Presentation on theme: "Teacher Professional Development Spring, 2002"— Presentation transcript:
1Teacher Professional Development Spring, 2002 The Basics of PhysicsTeacher Professional DevelopmentSpring, 2002
2Basic Physics TermsIn this lesson, we will review some basic physics terms anddemonstrate them using our Lego gearbox.Force and TorqueMechanical AdvantageNewton’s LawsWork and PowerFriction
3Gear Box Please make the following modifications to the gear box from the previous lesson.Place bushingshere and here.Remove the motor anddouble beam.Remove the rotational sensor.
4Gear Box Please make the following modifications to the gear box from the previous lesson.Add another1x16 beamhere.Add pulley wheels and gray pegs (for handles).
5Basic Terms - Force What is a “force?” A force causes something with mass to move (accelerate).This can be summed up with Newton’s 2nd Law.F = m x a(In fact, units of force are called “Newtons.”)Question: What force do we experience every single day?Answer: The force of gravity.
6Basic Terms - Torque What is “torque?” Torque can be thought of as rotational force.Torque causes something with mass to rotate.This motor produces a torque.We are interested in “torque” because we deal withrotational motors and axles.
7Force and Torque How are force and torque related? moment arm. A force can create a torque by acting through a moment arm.…produces atorque here.A force here...The relationship is t = F x r.r is the length of the moment arm (in this case, the length of the wrench).
8Gears and TorqueUp to now, we have been talking about how gears changespeed. But they can also change torque.Question: What is the gear ratio of this gear box?Answer: 75 to 1That means the last axle rotates 75 times slower thanthe first axle. It also means the last axle has 75 timesthe torque as the first axle.
9Gears and Torque Try this experiment. Have one person turn this wheel.And have another persontry to hold on to this wheel.
10Gears and Torque Where does all this “torque” come from? Consider a pair of gears that are meshed together.FA torque on this axle...…produces a force at the tooth.trThe moment arm is the radius of the gear.Remember: t = F x r
11Gears and Torque The force from the small gear’s tooth pushes against the large gear’s tooth.F…and produces alarger torque on this axle.rtThe force acts through this larger moment arm...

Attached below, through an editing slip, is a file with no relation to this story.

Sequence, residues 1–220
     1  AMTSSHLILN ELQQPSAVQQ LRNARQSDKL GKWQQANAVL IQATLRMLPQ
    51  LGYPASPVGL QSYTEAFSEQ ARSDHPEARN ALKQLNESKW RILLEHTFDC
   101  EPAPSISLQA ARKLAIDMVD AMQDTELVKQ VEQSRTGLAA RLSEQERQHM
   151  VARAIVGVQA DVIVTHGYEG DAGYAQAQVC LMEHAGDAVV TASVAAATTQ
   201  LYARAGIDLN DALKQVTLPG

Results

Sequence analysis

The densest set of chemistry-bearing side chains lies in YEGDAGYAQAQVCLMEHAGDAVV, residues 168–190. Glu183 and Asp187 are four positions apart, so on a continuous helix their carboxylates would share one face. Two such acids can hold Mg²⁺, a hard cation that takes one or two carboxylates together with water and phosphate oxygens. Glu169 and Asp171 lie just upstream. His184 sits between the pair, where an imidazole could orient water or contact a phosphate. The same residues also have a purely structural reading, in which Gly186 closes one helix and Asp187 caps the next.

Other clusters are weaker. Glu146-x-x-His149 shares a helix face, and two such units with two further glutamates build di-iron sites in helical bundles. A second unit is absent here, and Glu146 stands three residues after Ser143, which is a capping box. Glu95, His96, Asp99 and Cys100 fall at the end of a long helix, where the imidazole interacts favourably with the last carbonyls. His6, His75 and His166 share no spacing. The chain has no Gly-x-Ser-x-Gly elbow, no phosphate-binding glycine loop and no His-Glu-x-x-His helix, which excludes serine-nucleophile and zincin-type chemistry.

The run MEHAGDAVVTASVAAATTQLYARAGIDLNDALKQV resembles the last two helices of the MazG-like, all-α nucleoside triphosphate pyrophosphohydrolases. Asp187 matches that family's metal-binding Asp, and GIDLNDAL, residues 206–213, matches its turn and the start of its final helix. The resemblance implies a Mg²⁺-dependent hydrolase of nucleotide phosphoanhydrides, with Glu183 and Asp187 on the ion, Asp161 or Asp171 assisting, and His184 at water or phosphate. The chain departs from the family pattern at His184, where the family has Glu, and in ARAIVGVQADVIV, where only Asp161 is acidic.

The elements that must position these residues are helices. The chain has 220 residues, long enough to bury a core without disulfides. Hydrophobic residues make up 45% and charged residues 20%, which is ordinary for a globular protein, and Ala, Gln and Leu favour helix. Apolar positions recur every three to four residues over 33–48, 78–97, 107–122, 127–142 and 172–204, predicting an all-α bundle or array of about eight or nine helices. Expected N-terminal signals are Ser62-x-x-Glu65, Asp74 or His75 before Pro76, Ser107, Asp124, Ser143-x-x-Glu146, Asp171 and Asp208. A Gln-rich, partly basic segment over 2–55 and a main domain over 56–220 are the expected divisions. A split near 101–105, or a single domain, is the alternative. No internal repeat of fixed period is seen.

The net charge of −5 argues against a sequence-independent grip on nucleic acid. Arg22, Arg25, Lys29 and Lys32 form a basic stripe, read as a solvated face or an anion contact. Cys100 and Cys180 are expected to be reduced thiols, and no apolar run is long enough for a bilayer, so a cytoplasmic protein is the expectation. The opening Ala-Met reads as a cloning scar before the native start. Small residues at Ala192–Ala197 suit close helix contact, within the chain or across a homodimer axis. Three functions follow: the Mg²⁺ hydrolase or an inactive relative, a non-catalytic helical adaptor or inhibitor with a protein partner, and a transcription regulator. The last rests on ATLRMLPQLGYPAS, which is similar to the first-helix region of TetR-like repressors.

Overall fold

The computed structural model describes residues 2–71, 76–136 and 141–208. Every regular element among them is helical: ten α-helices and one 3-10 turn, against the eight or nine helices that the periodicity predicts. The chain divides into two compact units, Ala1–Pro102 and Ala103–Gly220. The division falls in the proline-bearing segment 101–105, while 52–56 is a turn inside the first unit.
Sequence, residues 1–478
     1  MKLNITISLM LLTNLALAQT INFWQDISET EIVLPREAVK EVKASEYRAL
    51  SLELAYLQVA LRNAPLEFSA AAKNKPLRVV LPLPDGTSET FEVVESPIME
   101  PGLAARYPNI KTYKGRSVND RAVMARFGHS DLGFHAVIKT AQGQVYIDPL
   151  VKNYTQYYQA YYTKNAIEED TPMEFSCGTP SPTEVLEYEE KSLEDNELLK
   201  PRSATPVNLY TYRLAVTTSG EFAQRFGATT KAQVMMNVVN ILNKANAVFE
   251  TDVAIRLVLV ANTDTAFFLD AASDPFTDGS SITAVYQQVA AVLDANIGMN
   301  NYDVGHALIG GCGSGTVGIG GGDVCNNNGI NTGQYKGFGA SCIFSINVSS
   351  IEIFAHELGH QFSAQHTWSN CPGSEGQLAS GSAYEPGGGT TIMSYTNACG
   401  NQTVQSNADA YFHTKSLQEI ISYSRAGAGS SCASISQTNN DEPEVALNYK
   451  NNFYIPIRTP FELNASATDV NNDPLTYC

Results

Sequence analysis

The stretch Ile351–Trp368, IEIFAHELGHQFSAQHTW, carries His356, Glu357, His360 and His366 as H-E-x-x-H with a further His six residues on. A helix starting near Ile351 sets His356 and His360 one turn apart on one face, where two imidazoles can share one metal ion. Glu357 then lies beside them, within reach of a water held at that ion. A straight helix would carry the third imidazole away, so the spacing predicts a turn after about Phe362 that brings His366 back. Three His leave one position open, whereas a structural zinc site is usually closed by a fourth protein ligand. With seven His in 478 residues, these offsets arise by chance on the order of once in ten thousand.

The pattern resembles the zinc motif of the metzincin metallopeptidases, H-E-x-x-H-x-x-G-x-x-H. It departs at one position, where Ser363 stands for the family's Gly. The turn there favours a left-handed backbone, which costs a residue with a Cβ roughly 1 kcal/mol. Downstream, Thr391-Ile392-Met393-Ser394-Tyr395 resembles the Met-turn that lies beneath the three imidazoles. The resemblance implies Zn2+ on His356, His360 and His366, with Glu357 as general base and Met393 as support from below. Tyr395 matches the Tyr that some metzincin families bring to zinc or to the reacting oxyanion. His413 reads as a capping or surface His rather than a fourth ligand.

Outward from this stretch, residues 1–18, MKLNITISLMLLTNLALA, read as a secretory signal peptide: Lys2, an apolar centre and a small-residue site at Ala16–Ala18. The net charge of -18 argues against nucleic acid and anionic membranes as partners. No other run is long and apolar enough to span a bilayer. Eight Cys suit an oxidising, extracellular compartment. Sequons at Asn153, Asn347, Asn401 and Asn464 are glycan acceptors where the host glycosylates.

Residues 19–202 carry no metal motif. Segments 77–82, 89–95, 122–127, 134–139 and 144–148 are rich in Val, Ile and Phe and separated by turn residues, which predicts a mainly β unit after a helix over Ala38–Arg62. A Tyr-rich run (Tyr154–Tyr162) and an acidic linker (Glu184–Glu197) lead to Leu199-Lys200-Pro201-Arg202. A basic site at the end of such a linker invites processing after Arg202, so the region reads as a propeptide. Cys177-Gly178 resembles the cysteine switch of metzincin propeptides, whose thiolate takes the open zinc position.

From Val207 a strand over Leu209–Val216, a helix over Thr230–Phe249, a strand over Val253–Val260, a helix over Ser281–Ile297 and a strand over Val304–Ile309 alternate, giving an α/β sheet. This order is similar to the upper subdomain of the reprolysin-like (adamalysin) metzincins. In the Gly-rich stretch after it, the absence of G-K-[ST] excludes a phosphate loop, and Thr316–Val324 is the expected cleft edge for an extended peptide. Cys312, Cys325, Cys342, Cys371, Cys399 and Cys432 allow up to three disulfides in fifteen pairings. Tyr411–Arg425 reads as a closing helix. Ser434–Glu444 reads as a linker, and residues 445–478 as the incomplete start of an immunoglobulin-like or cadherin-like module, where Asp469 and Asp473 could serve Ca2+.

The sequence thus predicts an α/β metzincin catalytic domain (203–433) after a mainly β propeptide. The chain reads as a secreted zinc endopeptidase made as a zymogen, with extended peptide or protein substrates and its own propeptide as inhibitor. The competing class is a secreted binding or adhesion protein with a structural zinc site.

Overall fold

12Gears and Torque t1 = F1 x r1 t2 = F2 x r2 Analyzing the forces... F1 = t1 / r1F2 = t2 / r2F1 = - F2t1 / r1 = -t2 / r2-t2 / t1 = r2 / r1F1 = -F2t2r2t1r1The ratio of torques is the ratio of the gear radii.This is the gear ratio!
13Gears and TorqueGears can increase the torque (and force) that they exerton something. This is known as mechanical advantage.torque increasesBUT, it comes at a price. Do you know what it is?
14Basic Terms - WorkWork (in physics) is defined as a force acting over a distance.W = F x dWork in terms of rotation is a torque acting over an angle.W = t x q
15Mechanical AdvantageUnderstanding the 2 components of Work is the key tounderstanding mechanical advantage.Question: Where would you hold the wrench for it to be most effective?
16Mechanical Advantage …but you don’t move very far. …but your hand moves a long way.If you hold the wrench here, you need a lot of force...If you hold the wrench here, you don’t need as much force...
17Mechanical AdvantageIt takes the same amount of work to turn the bolt.You can opt for a lot of force and little distance.W = F x dOr you can choose a little force but a lot of distance.W = f x DIn many of our machines, we want to increase our force, so we don’t mind going the extra distance.
18Mechanical AdvantageQuestion: Which ramp would you prefer to use to move a heavy weight to the top of the box?Answer: This ramp requires less force, but you have to move the weight a longer distance.
19Mechanical AdvantageWith our gear box, you were able to create a large torque here...…but you had to turn this handle many times.Remember: W = t x q
20PowerPower is the rate at which work is done. It can be thought of as work per second.Power = Work / sec.Like work, power has 2 components, force and speed.P = F x v (v stands for velocity).Question: Can you name 2 units for power?Answer: Horsepower and Watts.
21PowerPower has the same trade-offs as work. A motor produces the same amount of power.So, you can make a robot that’s fast, but weak.Or you can make a robot that’s slow, but strong.The total power in must equal the total power out (with an exception)...
22Friction = Bad Friction is caused by two surfaces rubbing together. Friction in our gear box causes a loss in the input power. It is lost in the form of heat and sound energy.
23Friction = Good But friction is also what makes our robot move. The turning wheel produces a frictional force against the ground, which causes the robot to move.
24Summary - Key Points A force causes something with mass to move. Torque is rotational force.Work has 2 components, force and distance.Mechanical advantage lets you increase one component of work at the expense of the other.Gears are one way to get mechanical advantage. They can increase the robot’s torque.Power is the product of force and speed.A robot can either be slow and strong, or fast and weak.Friction causes both losses in power, but also makes robots move on the ground.